Elon Musk Appeared In A Twitter Space To Defend His Decision To Ban Journalists Who Reported On An Account That Tracked His Private Jet

The embattled Twitter CEO briefly turned up in the Twitter Space hosted by BuzzFeed News tech reporter Katie Notopoulos.

Hours after Twitter “permanently suspended” more than half a dozen journalists from outlets including CNN, the New York Times, and the Washington Post following their reporting on an account related to Elon Musk, the man himself showed up briefly in a Twitter Space hosted by BuzzFeed News tech reporter Katie Notopoulos on Thursday night.

“Everyone’s going to be treated the same,” said Musk, the CEO of Twitter, in defense of the decision to suspend reporters. “They’re not special just because you’re a journalist.”

Shortly after journalists attempted to further question him about the suspensions, he fled the Space.

Earlier in the evening, Musk had falsely accused journalists of posting his real-time location, which he referred to as “basically assassination coordinates.” He said that doing so was a “direct violation of Twitter terms of service.”

The reporters had been covering the story of Twitter banning @ElonJet, an account that tweeted the whereabouts of Musk’s personal private jet using publicly available data, and then suddenly found their own Twitter accounts suspended. On Thursday, Twitter banned the personal account of Jack Sweeney, the Florida college student who ran @ElonJet, as well as the official account of Mastodon, a Twitter rival that had linked to @ElonJet's presence on its own platform.

Musk showed up in the Space, titled “#saveryanmac #macpack” (after former BuzzFeed News and current New York Times reporter Ryan Mac, one of the suspended journalists), more than two hours after it started.

Here is Musk’s full exchange on Twitter Space as he tried to explain himself, misrepresented what the reporter was doing, the reporter challenged him and then Musk misrepresented it again and took off.

Twitter: @jason_kint / Via Twitter: @jason_kint

“Showing real-time information about somebody’s location is inappropriate, and I think everyone on this call would not like that to be done for them,” Musk said

Musk attempted to claim that reporting that linked to @ElonJet was doxxing (which is when private and personal information, such as addresses or phone numbers, is published) because it could give live information about his and his family’s location. He added that Twitter won’t make a distinction between journalists and “regular people” going forward.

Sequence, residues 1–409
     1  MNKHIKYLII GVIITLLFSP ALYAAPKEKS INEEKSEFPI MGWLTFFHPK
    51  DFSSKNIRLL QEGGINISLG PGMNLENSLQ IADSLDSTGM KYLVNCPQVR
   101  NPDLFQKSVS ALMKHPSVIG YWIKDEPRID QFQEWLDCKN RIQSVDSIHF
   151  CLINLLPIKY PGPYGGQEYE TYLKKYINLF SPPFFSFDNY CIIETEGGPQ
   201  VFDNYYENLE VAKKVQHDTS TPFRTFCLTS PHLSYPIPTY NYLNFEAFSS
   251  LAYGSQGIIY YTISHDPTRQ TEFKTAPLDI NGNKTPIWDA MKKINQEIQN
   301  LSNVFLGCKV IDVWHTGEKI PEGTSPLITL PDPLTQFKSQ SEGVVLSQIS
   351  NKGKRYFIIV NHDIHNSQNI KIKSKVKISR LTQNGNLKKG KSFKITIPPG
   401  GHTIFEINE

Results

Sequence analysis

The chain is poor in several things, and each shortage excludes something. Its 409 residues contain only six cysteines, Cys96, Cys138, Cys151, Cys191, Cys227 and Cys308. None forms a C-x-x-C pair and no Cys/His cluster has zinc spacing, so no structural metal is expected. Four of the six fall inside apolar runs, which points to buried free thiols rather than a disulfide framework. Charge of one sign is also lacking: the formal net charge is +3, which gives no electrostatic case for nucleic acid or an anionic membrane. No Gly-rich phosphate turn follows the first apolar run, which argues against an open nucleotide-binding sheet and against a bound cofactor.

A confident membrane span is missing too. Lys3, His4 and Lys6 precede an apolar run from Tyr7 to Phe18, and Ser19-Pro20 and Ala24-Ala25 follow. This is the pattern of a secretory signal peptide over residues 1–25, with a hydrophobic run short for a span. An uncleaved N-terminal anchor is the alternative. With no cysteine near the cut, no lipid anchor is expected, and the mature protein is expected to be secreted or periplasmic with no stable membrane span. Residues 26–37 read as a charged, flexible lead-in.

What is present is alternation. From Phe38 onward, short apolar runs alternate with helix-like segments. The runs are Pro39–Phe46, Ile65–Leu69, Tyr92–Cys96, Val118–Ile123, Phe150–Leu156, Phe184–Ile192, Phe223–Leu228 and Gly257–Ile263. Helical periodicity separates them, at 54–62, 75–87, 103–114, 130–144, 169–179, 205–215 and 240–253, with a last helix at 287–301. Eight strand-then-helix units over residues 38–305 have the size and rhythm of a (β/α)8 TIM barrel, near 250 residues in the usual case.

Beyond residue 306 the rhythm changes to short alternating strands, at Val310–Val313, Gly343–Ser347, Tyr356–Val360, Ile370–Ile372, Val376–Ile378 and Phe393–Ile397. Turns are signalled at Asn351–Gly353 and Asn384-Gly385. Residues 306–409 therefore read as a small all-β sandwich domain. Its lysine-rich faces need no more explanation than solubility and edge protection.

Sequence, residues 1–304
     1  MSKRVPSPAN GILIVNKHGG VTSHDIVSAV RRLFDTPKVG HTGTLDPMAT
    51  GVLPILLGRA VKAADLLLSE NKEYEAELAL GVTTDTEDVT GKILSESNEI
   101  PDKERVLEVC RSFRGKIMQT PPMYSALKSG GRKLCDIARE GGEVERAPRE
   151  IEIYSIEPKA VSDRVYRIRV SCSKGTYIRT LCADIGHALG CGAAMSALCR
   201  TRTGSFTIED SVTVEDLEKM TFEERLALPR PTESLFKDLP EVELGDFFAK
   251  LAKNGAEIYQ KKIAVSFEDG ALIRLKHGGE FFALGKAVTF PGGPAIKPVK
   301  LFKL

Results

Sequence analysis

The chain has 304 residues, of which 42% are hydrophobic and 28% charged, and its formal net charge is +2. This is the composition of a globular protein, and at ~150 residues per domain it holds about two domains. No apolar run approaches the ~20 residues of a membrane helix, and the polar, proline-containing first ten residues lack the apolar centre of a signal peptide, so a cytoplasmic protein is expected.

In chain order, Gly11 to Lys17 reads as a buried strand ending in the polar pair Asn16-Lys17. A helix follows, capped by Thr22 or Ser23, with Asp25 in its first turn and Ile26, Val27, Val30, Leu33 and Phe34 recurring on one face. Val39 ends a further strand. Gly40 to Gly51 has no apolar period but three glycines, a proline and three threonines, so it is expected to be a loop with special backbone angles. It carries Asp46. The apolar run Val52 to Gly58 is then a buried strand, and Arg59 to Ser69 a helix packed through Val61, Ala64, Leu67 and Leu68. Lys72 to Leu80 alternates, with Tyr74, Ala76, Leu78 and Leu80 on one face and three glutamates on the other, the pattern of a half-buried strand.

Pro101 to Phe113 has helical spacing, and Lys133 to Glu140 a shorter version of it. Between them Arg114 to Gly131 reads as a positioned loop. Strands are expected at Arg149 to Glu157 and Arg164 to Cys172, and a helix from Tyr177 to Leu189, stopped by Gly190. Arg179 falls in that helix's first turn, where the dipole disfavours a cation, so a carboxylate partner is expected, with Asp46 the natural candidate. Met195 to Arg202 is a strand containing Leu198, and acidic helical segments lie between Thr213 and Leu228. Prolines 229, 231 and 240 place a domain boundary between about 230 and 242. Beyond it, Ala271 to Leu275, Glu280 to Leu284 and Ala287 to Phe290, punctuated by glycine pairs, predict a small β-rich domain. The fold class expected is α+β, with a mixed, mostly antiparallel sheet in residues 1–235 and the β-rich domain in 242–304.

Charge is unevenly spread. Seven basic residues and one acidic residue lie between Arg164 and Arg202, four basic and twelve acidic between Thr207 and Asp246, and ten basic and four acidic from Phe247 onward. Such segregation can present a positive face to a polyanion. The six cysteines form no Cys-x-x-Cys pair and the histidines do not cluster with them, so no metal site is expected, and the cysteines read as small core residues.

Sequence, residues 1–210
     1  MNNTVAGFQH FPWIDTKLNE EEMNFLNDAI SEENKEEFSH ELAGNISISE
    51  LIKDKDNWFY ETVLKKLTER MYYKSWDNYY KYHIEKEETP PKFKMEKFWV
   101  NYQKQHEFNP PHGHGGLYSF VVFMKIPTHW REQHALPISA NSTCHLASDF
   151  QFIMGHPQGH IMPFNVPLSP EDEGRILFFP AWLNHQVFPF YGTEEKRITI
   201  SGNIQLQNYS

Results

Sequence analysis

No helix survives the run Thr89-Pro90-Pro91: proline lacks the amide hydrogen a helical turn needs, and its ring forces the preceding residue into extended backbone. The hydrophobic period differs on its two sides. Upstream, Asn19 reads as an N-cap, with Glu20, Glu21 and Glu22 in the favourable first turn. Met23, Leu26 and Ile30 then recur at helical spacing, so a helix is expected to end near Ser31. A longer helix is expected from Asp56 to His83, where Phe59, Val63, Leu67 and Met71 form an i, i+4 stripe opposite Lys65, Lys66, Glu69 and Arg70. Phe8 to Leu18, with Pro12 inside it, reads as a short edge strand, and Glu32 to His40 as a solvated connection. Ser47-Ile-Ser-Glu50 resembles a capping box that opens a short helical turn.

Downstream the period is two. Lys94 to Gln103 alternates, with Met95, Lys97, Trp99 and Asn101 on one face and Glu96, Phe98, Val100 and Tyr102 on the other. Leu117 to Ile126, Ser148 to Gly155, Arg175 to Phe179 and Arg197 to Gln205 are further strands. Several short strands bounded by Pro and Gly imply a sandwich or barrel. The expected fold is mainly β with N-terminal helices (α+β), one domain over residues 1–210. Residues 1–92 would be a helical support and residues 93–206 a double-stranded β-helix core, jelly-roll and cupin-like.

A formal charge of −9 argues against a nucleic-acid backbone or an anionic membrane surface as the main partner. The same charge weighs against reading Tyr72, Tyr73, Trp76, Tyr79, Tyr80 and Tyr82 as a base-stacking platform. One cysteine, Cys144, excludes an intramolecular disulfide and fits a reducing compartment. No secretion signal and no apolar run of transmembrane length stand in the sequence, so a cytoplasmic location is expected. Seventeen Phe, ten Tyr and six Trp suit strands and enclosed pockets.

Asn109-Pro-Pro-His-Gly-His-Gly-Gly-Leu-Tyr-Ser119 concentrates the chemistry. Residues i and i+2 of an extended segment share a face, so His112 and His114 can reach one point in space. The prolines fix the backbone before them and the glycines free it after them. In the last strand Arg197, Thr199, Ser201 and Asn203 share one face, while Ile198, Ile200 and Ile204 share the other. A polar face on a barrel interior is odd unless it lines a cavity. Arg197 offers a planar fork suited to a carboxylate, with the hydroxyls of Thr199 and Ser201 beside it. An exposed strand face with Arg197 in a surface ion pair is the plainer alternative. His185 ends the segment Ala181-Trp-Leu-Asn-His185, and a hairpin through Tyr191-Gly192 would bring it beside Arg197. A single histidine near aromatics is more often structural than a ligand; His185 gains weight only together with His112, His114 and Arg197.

“You’re just a Twitter citizen. So no special treatment,” Musk said. “You dox, you get suspended, end of story.”

Musk, who has long spoken out about his distaste of the media and reporters on Twitter, said that “ban evasion, or trying to be clever about it, like, Oh I posted a link to the real-time information” wasn’t OK on the platform.

Notopoulos pushed back and said that the journalists had simply reported about @ElonJet. “You consider that, like, a tricky attempt at ban evasion?” she asked.

“You post a link to the real-time information, ban evasion, obviously,” Musk said.

Washington Post tech reporter Drew Harwell, one of the suspended journalists, said that he hadn’t posted Musk’s address on Twitter.

“You posted a link to the address,” Musk shot back.

“In the course of reporting about ElonJet, we posted links to ElonJet, which are now not online, and now banned on Twitter,” Harwell said.

“You dox, you get suspended, end of story,” Musk said again, and then left the Space in the middle of Notopoulos trying to ask him a question.

More than 30,000 people listened live to the Space, including dozens of journalists and Jason Calacanis, a high-profile Silicon Valley investor and a member of Musk’s inner circle.

Some of the suspended reporters — including Harwell and Mashable’s Matt Binder — were able to speak in the Space too after discovering a Twitter loophole that let them join the Space despite having their Twitter accounts suspended.

Media outlets responded to their reporters getting permanently suspended. The New York Times said in a statement that the move was “questionable and unfortunate.” CNN called it “impulsive and unjustified.” Sally Buzbee, the executive editor of the Washington Post, said the suspension of Harwell “directly undermines Elon Musk’s claim that he intends to run Twitter as a platform dedicated to free speech.”

Statement from @washingtonpost Executive Editor Sally Buzbee

Twitter: @WashPostPR / Via Twitter: @WashPostPR

Shortly after Musk’s appearance, the Space suddenly ended without warning.

“Sorry it appears the Space cut out, screen went suddenly blank on my end and everyone got booted,” Notopoulos tweeted.

Sorry it appears the Space cut out, screen went suddenly blank on my end and everyone got booted.

Twitter: @katienotopoulos / Via Twitter: @katienotopoulos

Musk did not responded to a request for comment from BuzzFeed News.

The suspensions of the journalists drew anger from politicians and regulators in the European Union. On Friday, Vera Jourova, vice president for transparency in the European Commission, tweeted that Twitter could face sanctions under upcoming digital content and media freedom rules.

News about arbitrary suspension of journalists on Twitter is worrying. EU’s Digital Services Act requires respect of media freedom and fundamental rights. This is reinforced under our #MediaFreedomAct. @elonmusk should be aware of that. There are red lines. And sanctions, soon.

Twitter: @VeraJourova / Via Twitter: @VeraJourova

In addition, Ronald Lescure, the French minister in charge of industry tweeted that he was "suspending all activity on Twitter until further notice" after the suspensions of the journalists.


This story was updated with details about the reactions of European regulators and politicians to Twitter's suspension of journalists.

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